Senior Newsman Reveals:
Harry Reid Destroys Nevada Bill
To Prevent Applause for Ensign

Nevada senator Harry Reid last month blocked legislation sponsored by fellow Democrat Dick Bryan to help Southern Nevada, rather than let potential 1998 GOP challenger Rep. John Ensign collect a share of the positive press.  
Writing in the October 4 edition of his copyrighted newsletter, The Ralston Report, veteran Nevada newsman Jon Ralston revealed that Reid -- maneuvering behind the scenes in the Senate Committee on Energy and Natural Resources -- had killed legislation jointly introduced early this year by Democrat Bryan and Republican Ensign.
The bill, titled "The Southern Nevada Public Land Management Act of 1996," would have authorized the sale of 20,000 acres of federal land in southern Nevada, then used the millions of dollars of proceeds to support water infrastructure there. The Nevada state education fund would also have been allocated five percent of the land-sale revenues.
"There are those who accuse Reid of outrageous conduct, sacrificing a meritorious measure and squandering countless hours spent forging an amazing coalition, simply to try to preserve his own political health," wrote Ralston.
"But there are others who figure the bill can pass next year and admire the senior senator's Machiavellian technique."
"He doesn't in any form or fashion want Ensign to have this, win," Ralston quoted one insider, who reportedly knows Reid well, as saying. "It boils down very simply to 'why give a guy who can be knocked off in this election another bullet in his armory?'"
Bryan and Ensign had appeared with Clark County commissioners January 19 to announce they would each introduce, in their respective houses of the U.S. Congress, the same legislation -- based on work done by a task force created by Ensign's predecessor, Rep. Jim Bilbray.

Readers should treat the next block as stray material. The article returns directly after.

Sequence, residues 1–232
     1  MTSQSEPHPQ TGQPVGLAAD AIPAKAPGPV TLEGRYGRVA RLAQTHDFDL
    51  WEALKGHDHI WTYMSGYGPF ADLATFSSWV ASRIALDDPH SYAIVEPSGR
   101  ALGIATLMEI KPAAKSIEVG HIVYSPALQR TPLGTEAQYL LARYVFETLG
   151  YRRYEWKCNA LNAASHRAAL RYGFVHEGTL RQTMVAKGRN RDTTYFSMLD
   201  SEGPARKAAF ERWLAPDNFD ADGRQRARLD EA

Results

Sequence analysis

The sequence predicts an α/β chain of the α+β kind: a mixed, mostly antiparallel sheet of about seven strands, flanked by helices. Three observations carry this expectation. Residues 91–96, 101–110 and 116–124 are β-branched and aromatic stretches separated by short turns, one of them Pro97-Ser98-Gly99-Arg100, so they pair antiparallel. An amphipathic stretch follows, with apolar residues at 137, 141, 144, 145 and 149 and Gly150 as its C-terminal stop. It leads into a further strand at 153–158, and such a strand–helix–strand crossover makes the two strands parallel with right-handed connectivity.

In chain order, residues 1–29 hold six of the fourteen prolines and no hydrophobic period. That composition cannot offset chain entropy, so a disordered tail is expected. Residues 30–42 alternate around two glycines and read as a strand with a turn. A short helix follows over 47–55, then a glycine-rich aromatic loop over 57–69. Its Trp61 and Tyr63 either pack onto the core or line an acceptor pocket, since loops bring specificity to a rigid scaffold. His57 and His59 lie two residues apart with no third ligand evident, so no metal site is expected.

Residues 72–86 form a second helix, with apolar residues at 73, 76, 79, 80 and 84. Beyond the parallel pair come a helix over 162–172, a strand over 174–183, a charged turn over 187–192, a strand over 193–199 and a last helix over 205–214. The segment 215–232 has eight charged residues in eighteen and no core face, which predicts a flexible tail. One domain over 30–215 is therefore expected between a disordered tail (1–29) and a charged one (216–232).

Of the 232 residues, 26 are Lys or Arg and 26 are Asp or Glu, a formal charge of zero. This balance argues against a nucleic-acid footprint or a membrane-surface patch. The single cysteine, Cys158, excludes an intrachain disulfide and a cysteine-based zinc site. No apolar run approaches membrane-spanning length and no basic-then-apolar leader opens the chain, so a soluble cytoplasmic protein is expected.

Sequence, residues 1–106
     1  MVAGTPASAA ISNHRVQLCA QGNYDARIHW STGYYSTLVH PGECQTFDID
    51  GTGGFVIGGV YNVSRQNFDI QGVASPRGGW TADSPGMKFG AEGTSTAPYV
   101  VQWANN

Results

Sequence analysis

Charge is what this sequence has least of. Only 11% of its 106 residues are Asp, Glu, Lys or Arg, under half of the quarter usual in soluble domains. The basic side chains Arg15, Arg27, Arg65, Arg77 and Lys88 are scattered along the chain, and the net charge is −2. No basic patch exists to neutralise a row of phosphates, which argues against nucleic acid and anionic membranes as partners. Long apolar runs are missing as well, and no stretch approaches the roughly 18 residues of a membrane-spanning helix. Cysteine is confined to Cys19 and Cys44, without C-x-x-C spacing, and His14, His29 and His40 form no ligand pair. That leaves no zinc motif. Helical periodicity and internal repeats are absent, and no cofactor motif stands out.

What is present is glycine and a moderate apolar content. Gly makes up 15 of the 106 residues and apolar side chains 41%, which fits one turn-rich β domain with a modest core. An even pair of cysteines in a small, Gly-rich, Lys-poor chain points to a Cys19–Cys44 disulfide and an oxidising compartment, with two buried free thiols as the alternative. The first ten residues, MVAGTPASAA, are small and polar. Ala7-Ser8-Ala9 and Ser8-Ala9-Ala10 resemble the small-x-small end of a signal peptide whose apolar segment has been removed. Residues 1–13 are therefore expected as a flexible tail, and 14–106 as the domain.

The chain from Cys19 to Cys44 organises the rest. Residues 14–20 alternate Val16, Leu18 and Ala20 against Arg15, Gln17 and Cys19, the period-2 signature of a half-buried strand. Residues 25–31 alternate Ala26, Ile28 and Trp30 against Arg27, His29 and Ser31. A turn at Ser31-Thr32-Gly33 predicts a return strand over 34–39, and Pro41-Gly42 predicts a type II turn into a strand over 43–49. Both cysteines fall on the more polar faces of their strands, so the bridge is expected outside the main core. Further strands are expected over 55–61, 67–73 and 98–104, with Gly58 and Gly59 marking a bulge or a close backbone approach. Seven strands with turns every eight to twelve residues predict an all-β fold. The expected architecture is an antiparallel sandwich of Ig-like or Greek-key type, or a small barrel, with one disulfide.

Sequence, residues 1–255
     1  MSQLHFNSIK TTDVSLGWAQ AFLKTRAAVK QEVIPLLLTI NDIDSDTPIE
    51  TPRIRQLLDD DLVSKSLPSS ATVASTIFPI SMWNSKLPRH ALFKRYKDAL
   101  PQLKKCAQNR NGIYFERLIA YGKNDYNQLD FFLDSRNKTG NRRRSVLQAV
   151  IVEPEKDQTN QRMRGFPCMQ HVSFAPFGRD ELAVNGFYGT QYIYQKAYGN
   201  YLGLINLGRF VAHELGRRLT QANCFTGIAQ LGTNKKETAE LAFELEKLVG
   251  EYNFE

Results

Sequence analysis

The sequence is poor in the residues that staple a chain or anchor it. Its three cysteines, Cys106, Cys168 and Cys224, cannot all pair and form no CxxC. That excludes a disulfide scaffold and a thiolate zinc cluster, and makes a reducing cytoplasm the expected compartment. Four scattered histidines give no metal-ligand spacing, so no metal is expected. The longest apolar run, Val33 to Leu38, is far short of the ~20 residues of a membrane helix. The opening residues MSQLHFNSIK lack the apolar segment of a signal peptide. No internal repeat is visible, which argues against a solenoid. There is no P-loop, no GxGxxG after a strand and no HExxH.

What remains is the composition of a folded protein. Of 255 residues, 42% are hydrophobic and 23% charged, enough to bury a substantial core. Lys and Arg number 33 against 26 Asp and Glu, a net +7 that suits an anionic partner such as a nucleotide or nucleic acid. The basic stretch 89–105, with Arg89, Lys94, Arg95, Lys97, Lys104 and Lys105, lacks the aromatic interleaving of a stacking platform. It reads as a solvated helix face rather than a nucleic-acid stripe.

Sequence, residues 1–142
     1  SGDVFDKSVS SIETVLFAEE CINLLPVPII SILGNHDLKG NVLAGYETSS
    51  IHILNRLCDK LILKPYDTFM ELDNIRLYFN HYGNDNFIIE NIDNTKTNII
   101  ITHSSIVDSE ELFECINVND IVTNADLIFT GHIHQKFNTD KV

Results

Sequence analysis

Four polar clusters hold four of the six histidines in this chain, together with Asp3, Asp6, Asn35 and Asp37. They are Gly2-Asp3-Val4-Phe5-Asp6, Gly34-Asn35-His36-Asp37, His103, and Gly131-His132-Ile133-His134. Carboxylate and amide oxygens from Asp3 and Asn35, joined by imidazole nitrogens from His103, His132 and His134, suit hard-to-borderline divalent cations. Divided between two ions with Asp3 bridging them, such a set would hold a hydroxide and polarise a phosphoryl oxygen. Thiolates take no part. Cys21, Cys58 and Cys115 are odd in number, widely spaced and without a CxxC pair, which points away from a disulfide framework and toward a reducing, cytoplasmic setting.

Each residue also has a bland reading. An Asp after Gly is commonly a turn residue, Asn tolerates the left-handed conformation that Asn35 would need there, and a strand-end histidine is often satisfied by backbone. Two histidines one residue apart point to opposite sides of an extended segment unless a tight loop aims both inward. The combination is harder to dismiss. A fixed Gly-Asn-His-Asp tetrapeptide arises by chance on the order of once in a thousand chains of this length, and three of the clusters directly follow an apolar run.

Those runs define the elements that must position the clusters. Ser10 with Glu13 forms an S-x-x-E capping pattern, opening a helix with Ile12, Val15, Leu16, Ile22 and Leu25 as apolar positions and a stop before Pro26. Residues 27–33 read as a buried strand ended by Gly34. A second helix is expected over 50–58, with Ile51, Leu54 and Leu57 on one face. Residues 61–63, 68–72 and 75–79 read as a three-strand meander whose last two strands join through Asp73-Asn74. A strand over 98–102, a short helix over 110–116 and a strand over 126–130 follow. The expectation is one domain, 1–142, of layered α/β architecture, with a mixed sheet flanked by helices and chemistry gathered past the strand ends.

"It was a classic symbiosis," wrote Ralston. "Bryan knew what a tremendous issue he had latched onto, but he also knew in a GOP Congress he would need some Republican assistance. Ensign was only too glad to help, realizing, as one observer put it, 'this would be a huge issue, a huge positive.'"
But "as soon as Ensign was on," said one insider, 'Harry was off."
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"Smoking gun" evidence of Reid's central role in the death of the bill, said Ralston, was a September 26 letter from Alaska senator Frank H. Murkowski, Senate Energy and Natural Resources Chairman, to Rep. Don Young, chairman of the House Resources Committee.
A fax of that letter was included in the Oct 4 Ralston Report as a graphic illustration.
"I am writing to inform you," wrote Murkowski to Young, "that I am unable to include H.R. 3127, the Southern Nevada Public Land Management Act of 1996, into [sic] the Presidio conference report due to opposition from Nevada's senior Senator.
"I was informed by my staff that Reid's staff had stated that he intends to utilize all procedural obstacles at his disposal to defeat this legislation. As you know, Senate rules provide the ability of one Senator to object to legislation, which could ultimately result in its defeat. Therefore, at this time I do not feel that I can include this language and jeopardize the passage of the conference report.
"It is unfortunate because this appeared to be a sound bill that provided remedies to many problems afflicting the land exchange process. I look forward to working with you in the future on this and other measures before our committees..."
Ralston quoted his sources as saying Reid's longtime colleague, Bryan, had personally pleaded with the senior senator to put aside personal politics and let the bill -- which had Bryan's name on it -- go.
"Water district officials ... can't be happy," wrote Ralston, "having lost $16 million in rights-of-way they hoped to acquire.
"And state officials can't be happy, either, considering the revenue they lost that was destined for the state's coffers."
Subscriptions to The Ralston Report -- now in its fourth year -- are $500 annually for individuals and $1,000 a year for corporations.

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